I’ve written these directions with as much detail as possible for this specific recipe using my electric oven and an old Kitchen Aid mixer. Though my recipe is quite detailed, delicious and beautiful macs also depend on your specific oven. You may have to make this recipe two or three times simply to get the macs perfect in your very own oven.
6.0 to 6.3 ounces egg whites*
You will ultimately use only 4 ounces of three-day old whites (4 oz. = 113.40 g / 6.0 oz. = 170.10 g / 6.3 oz = 178.60 g).
*If aging the eggs for five days, you’ll need 6.8 ounces, or 192.78 grams, of whites to start with.
5 ounces almond flour/meal (141.75 grams)
8 ounces powdered sugar (226.80 grams)
1.5 ounces caster sugar (42.52 grams)
0.5 ounces tapioca starch (14.18 grams)
¼ teaspoon cream of tartar
½ teaspoon powdered food coloring or 4 to 5 drops gel coloring
Egg Whites: 6 to 6.3 ounces of egg whites, the whites from six large eggs (if aging for five days, start with about 6.8 ounces)
Tools: two cereal bowls, kitchen scale
Use the uncracked eggs that you have had on your counter or in your fridge for a couple of days.
Turn your scale on if it’s electrical. Place one bowl on the scale then tare the scale or set it to zero.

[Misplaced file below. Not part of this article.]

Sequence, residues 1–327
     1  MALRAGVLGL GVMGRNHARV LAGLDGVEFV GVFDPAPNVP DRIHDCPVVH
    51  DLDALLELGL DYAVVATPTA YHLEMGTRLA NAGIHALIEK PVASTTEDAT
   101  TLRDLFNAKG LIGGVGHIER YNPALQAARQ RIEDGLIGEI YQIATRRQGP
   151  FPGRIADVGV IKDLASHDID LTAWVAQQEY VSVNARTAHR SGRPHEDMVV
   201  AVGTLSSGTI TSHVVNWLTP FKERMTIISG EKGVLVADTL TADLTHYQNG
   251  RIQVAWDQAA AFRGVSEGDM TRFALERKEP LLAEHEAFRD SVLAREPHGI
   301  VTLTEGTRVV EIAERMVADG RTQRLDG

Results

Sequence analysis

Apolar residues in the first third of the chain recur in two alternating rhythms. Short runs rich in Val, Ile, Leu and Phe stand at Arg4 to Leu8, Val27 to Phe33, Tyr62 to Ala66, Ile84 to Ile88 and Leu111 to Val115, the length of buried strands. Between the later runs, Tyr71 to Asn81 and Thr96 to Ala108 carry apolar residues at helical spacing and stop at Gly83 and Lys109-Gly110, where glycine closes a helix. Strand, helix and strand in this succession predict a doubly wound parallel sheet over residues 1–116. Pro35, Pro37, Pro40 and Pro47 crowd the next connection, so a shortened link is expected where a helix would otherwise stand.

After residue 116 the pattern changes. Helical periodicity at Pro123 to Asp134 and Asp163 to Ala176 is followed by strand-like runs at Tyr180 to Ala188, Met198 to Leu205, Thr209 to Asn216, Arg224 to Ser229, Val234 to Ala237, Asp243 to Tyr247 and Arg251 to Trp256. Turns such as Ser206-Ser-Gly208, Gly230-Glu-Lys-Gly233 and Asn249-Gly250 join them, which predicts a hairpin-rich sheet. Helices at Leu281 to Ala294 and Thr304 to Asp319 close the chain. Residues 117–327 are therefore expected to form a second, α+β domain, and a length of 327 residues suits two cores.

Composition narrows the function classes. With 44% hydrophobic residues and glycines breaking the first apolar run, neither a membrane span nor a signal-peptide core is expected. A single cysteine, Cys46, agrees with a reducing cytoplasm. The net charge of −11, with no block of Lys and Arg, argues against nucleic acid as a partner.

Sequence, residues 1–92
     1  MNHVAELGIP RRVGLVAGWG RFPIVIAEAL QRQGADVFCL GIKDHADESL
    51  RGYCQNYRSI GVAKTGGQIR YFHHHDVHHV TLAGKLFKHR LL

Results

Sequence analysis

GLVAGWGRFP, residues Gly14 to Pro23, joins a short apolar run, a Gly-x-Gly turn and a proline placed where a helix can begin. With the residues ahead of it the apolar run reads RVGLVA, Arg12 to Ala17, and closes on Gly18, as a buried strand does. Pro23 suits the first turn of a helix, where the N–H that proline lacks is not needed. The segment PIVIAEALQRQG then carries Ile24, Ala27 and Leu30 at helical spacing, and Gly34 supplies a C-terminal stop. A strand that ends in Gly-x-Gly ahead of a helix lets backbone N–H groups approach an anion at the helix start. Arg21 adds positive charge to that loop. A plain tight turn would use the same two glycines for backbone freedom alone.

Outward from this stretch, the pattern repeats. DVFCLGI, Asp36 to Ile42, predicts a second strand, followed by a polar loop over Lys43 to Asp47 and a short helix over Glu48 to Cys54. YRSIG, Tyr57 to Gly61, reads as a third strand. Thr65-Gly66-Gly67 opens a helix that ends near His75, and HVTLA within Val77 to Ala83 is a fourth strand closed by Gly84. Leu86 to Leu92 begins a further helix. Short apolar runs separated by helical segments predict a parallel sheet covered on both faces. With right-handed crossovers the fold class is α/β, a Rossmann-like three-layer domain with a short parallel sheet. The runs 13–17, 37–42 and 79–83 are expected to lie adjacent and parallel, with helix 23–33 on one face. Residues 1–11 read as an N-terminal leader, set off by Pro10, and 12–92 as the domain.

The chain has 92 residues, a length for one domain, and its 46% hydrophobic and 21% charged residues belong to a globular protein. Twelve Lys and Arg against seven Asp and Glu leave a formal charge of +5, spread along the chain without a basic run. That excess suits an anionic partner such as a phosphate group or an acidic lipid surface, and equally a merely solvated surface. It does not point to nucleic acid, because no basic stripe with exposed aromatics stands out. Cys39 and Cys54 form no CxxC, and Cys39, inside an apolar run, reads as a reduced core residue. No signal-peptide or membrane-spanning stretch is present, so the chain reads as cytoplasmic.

Separate one egg over one bowl. If you did not break the yolk, pour the single egg white into the bowl on the scale; if you broke the yolk, save the egg for scrambled eggs. Wash and dry your bowl then start all over. Repeat this process until you have measured about 6 ounces of egg whites.
Leave the bowl of whites at room temperature—about 72 degrees Fahrenheit—uncovered, for three days on your counter. If there are bugs flying around, cover the entire container with a sheet of cheesecloth.
Almonds: 5 ounces store-bought almond flour or 6 ounces home-ground almond flour
It’s best to use store-bought almond flour if this is your first time. Simply measure out 5 ounces of store-bought almond flour into a container with a cover. Cover the flour and set aside until ready to use.
If you do not have store-bought almond flour, here is how you can grind your own. I have not tried drying my flour to date.
Tools: coffee grinder, fine-mesh strainer, medium bowl, adult dinner spoon, kitchen scale, 2-cup container with cover
Note on the strainer: The holes of the strainer must be tiny. The holes should measure less 1/16 of an inch. A small thumbtack would not be able to fit through the hole. This is essential otherwise you end up with very bumpy surfaces on your baked macarons.
Place the 2-cup container on the scale then set the scale to zero.